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Chipotle Isn't That Worried About the Avocado Supply

An employee slices avocados to be made into guacamole at a Chipotle restaurant in Hollywood on July 16, 2013

Photograph by Patrick T. Fallon/Bloomberg

An employee slices avocados to be made into guacamole at a Chipotle restaurant in Hollywood on July 16, 2013

The mere prospect of a guacamole apocalypse at Chipotle Mexican Grill (CMG), flagged by the company in financial documents as one potential risk associated with climate change, was enough to trigger a minor online panic attack. The website ThinkProgress spotted the avocado warning mixed in with the boilerplate in the company’s 10-K filing. If weather-related conditions make certain ingredients more expensive or harder to source, Chipotle said it “may choose to temporarily suspend serving menu items, such as guacamole or one or more of our salsas.”

But the recent commotion, the chain said, is much ado about nothing. Asked if the guac threat is real, Chipotle spokeswoman Danielle Winslow said in an e-mail: “I wouldn’t read too much into this. It’s routine ‘risk factor’ disclosure,” the sort of thing public companies are required to disclose to investors. An ordinary increase in avocado prices hasn’t been enough to stop service in the past. “We saw similar issues in 2011 and incurred higher prices for the avocados we used,” Winslow noted, “but never stopped serving guacamole.” The chain increased menu prices that year.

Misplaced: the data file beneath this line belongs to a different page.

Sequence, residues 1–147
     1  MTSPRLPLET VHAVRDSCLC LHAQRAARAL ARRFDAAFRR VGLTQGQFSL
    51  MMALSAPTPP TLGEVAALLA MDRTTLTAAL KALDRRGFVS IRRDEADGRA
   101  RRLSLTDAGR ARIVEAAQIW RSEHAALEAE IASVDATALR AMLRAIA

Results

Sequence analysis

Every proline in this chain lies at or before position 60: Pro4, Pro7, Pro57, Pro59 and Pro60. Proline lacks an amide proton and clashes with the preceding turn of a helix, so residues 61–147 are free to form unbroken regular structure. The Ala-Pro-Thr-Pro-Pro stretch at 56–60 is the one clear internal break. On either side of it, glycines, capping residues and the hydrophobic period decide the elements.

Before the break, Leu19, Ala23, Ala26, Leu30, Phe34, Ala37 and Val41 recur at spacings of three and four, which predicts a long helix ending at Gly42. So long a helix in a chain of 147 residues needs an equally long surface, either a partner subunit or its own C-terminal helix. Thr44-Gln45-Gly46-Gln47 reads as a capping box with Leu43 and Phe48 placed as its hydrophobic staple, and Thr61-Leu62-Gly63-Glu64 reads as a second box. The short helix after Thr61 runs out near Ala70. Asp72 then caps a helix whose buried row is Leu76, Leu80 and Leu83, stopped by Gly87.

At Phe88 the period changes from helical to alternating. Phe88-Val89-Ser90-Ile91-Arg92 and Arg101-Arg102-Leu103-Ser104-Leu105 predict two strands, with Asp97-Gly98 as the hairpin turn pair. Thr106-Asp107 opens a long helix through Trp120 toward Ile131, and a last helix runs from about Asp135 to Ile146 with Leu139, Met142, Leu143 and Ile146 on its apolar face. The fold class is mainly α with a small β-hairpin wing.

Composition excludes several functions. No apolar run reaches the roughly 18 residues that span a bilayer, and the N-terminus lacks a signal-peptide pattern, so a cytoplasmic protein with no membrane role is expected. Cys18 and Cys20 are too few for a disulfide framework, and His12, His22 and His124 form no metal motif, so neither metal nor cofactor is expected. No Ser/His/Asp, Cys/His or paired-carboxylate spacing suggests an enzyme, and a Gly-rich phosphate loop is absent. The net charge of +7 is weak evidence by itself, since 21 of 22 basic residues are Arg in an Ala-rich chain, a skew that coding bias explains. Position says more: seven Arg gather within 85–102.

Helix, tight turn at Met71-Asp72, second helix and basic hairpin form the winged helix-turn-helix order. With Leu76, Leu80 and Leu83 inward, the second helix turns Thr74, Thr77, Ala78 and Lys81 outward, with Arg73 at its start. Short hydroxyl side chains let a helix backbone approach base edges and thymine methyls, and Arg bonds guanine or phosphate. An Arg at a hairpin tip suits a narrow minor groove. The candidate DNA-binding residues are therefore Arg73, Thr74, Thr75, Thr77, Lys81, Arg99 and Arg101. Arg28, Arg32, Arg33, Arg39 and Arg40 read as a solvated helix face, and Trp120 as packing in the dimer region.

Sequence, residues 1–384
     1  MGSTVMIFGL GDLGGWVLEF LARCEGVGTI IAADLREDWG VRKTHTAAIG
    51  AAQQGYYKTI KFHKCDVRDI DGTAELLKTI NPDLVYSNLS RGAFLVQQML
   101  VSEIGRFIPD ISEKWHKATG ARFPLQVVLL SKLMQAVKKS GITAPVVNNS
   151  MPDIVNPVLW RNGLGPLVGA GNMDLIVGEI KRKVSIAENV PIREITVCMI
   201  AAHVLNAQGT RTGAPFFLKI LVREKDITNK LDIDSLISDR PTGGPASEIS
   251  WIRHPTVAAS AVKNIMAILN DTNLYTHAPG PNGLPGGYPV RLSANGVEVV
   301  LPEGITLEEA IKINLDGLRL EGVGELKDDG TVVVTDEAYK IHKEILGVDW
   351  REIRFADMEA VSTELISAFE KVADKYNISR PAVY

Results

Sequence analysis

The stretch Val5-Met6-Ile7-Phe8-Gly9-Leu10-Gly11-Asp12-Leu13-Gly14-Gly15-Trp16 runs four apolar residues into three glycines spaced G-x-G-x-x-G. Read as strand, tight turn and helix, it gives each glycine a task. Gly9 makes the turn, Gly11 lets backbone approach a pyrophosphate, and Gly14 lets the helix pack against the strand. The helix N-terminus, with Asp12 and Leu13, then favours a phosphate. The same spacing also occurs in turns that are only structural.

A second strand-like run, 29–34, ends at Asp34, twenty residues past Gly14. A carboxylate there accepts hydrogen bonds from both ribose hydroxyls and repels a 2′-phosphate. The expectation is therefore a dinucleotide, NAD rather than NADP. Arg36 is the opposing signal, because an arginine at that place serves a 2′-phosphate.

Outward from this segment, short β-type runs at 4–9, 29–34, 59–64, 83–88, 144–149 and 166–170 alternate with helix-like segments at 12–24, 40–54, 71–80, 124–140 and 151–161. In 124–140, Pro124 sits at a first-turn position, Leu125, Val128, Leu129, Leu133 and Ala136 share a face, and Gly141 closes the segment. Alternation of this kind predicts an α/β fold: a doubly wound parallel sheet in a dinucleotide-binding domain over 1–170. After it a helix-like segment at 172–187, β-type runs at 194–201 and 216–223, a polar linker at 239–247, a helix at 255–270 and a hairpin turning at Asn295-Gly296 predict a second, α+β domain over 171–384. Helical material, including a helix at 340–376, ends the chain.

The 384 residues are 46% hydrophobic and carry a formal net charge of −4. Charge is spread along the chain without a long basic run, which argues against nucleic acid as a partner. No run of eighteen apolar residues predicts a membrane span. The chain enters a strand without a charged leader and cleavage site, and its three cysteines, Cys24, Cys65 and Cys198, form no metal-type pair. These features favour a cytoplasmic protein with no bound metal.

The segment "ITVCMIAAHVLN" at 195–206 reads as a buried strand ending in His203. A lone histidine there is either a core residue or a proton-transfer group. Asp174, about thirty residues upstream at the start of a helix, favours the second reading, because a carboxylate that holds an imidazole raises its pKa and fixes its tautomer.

In fact, company officials seem to issue warnings regularly about avocado-related issues. “Avocado prices continue to remain high,” Jack Hartung, Chipotle’s chief financial offer, explained during a January earnings call, “and are expected to remain elevated throughout 2014.” He pointed to increasing demand and lower supplies from drought-plagued California.

Fairly typical stuff, and investors don’t appear to be particularly worried. “Chipotle seems to have more than adequate pricing power,” said Sharon Zackfia, an analyst at William Blair, in an e-mail.

Consumers may be particularly anxious about guacamole, but avocados are hardly the only ingredient that could come under pressure. Chipotle noted in its filing that it also expects prices of beef, dairy, and chicken to be high in 2014. The chain’s “sustainably raised” food philosophy generally puts it in a tougher position than fast-food competitors. Chipotle already deals with failures to source enough sustainably raised beef to meet demand and acknowledged shifting to “conventionally raised beef or chicken due to supply shortages” in its recent risk factor filing.

Avocados may be getting pricier, but there’s much more to a burrito than just the guac.

Wong is an associate editor for Bloomberg Businessweek. Follow her on Twitter @venessawwong.

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